Entire suburbs were razed to the ground as a result of air and ground strikes, regardless of how many desperate civilians were in the urban areas. The electricity, water and sewerage systems were destroyed with medical services and transport networks rendered dysfunctional. Civilians were initially trapped and when families with children tried to escape some were caught in crossfire. Others triggered explosive devices or drowned when attempting to cross the Euphrates in search of safety.
Russian President Vladimir Putin said on October 16 in a televised news conference on the sidelines of the BRICS summit in India he hoped the United States and its allies would do their best to avoid civilian casualties in an attack on Mosul. “We of course are not going to fan hysteria over this matter, like our partners in the West do, because we understand that we need to fight terrorism, and that there is no other way apart from active fighting,” he added.
There is another important aspect not to be overlooked while highlighting the ongoing events.
The IS militants are offereda safe exit from Iraqi province of Anbar and city of Mosul.
A military source in Moscow said that in preparation for the operation in Mosul, US intelligence agencies and Saudi Arabia agreed that before the assault all militants will beoffered a safe route to leave the city with their families. According to it, more than 9,000 Islamic State fighters will be transferred to the eastern regions of Syria to follow a major offensive operation, which involves the capture of Deir ez-Zur and Palmyra.
To avoid strikes by Russian aviation, the militants can use their family members as human shields, as they usually do. If so, there will be more civilian casualties as a result of fighting in Syria and the West will blame Russia for the death toll! That’s why it’s important to highlight the consequences of the Mosul operation now.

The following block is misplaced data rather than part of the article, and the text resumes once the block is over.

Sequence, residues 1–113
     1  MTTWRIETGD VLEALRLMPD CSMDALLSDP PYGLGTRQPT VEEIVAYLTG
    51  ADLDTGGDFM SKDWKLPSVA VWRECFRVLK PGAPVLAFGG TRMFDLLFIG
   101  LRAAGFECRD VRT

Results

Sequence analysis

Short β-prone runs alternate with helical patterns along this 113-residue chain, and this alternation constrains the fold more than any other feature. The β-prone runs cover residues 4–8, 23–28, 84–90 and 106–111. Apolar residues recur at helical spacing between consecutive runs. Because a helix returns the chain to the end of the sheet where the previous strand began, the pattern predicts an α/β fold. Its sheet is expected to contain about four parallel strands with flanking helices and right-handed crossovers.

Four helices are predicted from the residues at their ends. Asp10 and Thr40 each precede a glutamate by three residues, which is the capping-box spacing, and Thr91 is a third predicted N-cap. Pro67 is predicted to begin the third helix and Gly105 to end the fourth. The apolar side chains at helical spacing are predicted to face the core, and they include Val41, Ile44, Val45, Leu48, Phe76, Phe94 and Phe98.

It actually means that success in Mosul could in fact worsen the situation in Syria and, probably, other places where IS has a foothold.
There is one more factor to take into account. After Mosul, IS will be splintered but not defeated; it will revert back to its roots of traditional insurgency and terrorism in Iraq. The traumatized civilian population in unprotected and under resourced camps for displaced persons will be fertile breeding grounds for IS recruits. It may result in hundreds terrorist fighters striking in Europe, the US and the Middle East.
Western accusations of Russia and Syria’ wrongdoings in Aleppo are an example of boundless hypocrisy. It’s like pot calling the kettle black. The Mosul offensive it might be even more of a blood bath than the fight for Aleppo. The US-led coalition has failed to do its utmost to prevent civilian casualties. It has also failed to do it in Falluja and Ramadi. There is no way one can escape losses when fighting battles against terrorists. But every casualty in Aleppo will be more than matched, and most likely exceeded, by the US-backed forces in Iraq.